Regulations that buy-to-let landlords need to follow

Table of Contents

As a buy-to-let landlord in the UK, there are a number of rules and regulations that you must adhere to. Before making any investment in buy-to-let property, its important to read and digest these rules to become fully aware of the legal responsibilities. 

This article outlines the key rules applicable at the time of writing. However, the landscape is forever changing and you should always check the official Government website for the latest guidance. 

Deposits and fees

As a landlord, you must:

  • Not charge any letting/admin fees to tenants when they move in.
  • Not request a deposit which exceeds the value of 5 weeks rental payments.
  • Protect the tenants deposit in a government-approved scheme.


As a landlord, you must:

  • Ensure that there are no serious hazards impacting the property, both at the commencement and throughout the term of the lease. 
  • Fit working smoke and carbon monoxide alarms. Smoke alarms must be placed on every floor whilst carbon monoxide alarms must be placed in any room which contains a solid fuel burning combustion appliance (e.g. coal or wood fire). Tests must be carried out to ensure these appliances are working prior to the commencement of the tenancy. 
  • Follow other fire safety regulations applicable to the type of property (e.g. homes converted to flats or purpose built blocks of flats). Links to the latest regulations can be found on the government website. 
  • Ensure that there are no problems with the properties utilities (i.e. electricity, gas and water supply). In order to prove safety in this regard, an annual gas safety check is required by a qualified Gas Safe engineer where the property has gas appliances. Further, an electrical safety test must be carried out once every 5 years by a competent and qualified person. 
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As a landlord, you must:

  • Continue to maintain the structure and exterior of the building, whilst your tenants will become responsible for the upkeep of the interior.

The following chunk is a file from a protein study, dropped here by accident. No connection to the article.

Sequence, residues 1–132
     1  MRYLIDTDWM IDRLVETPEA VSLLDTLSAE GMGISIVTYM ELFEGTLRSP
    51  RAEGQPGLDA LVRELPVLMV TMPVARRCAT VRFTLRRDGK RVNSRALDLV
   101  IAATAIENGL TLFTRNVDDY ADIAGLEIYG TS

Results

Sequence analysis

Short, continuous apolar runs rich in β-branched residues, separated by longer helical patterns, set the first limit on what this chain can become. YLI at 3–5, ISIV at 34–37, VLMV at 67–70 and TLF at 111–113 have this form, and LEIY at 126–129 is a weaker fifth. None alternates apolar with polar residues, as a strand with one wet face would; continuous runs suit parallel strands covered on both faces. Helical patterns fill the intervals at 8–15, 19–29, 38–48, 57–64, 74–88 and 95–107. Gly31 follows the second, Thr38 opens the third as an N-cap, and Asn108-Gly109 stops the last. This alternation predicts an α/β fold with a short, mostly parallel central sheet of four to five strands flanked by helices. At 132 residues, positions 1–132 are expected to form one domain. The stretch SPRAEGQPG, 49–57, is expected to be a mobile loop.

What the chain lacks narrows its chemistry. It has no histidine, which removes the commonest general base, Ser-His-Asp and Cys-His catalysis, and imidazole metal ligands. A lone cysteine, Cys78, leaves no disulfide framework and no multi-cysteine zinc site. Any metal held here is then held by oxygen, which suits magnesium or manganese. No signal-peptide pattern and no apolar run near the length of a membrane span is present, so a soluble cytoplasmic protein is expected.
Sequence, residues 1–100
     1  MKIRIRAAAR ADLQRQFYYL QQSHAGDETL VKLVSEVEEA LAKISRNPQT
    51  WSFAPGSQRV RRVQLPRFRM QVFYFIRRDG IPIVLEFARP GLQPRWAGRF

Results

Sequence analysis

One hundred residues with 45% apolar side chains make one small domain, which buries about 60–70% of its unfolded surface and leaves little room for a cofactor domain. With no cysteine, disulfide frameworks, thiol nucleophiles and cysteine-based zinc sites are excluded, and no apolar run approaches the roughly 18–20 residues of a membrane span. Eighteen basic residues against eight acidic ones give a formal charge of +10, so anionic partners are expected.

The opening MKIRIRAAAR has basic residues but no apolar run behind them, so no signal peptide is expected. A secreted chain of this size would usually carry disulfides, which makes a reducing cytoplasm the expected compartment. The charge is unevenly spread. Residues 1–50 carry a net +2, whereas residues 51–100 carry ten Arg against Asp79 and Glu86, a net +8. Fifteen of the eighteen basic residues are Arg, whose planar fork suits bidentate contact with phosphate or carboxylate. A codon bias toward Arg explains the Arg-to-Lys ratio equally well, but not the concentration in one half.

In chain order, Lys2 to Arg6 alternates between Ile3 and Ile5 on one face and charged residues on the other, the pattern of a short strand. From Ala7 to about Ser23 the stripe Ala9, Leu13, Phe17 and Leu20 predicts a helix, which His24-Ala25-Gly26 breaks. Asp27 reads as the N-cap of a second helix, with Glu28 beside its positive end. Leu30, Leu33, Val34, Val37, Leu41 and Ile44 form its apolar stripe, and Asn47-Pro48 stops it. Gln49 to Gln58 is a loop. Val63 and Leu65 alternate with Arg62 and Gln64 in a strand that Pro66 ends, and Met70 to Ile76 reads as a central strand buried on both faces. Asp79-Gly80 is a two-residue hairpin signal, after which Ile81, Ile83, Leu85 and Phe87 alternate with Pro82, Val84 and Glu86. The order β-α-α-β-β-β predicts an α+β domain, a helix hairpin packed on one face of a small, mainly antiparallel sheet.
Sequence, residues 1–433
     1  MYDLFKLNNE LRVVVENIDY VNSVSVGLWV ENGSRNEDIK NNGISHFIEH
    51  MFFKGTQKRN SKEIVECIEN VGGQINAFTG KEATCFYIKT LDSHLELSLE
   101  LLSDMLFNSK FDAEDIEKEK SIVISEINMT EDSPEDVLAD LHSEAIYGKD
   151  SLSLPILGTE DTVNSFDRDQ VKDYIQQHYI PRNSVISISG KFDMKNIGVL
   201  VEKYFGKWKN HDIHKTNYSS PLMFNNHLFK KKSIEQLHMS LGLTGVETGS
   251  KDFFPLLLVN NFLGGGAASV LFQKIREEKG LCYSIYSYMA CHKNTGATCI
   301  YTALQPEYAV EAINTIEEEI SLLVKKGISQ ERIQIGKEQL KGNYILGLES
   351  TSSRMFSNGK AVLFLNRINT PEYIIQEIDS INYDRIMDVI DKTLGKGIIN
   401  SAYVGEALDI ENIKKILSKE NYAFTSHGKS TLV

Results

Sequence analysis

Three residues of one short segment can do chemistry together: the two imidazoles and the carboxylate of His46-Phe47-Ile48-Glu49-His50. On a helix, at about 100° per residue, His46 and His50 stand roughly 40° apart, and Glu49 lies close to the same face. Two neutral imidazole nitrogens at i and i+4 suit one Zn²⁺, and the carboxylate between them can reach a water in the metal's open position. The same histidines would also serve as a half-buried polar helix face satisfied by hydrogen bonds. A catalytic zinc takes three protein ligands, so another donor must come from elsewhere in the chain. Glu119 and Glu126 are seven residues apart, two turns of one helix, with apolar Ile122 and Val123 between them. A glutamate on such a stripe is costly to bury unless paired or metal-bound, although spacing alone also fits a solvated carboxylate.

• Where a tenant reports a necessary repair, the landlord should aim to carry out that repair as soon as possible. 
  • Maintain any appliances and furniture that you have provided as part of the tenancy. For example, if the flat is furnished and includes a fridge, the landlord would be responsible for repairing that fridge were it to stop working. 

Property access

As a landlord, you must no longer access the property without providing your tenant with reasonable notice (24 hours). This includes where access is required to carry out repairs which have been requested by the tenant. You are no longer entitled to enter the property despite the fact you own it without your tenants express permission.

As a landlord, you must:

  • Carry out the necessary checks to ensure that the tenant has a right to rent/live in England. In order to do this, you must request original versions of their acceptance documents. For example, a UK passport alone would prove an unlimited right to rent. However, there are several other documents which can be shown – links to full guidance are available on the government website linked above. 
  • Carry out an EPC check and ensure the property obtains a minimum band E efficency rating. If the property achieves a worse rating, you must take necessary steps to improve it prior to letting the property, unless a valid exemption applies.  
  • Obtain a licence for the property if required. For example, you would require a HMO license if you wish to let the property to more than 3 occupants.
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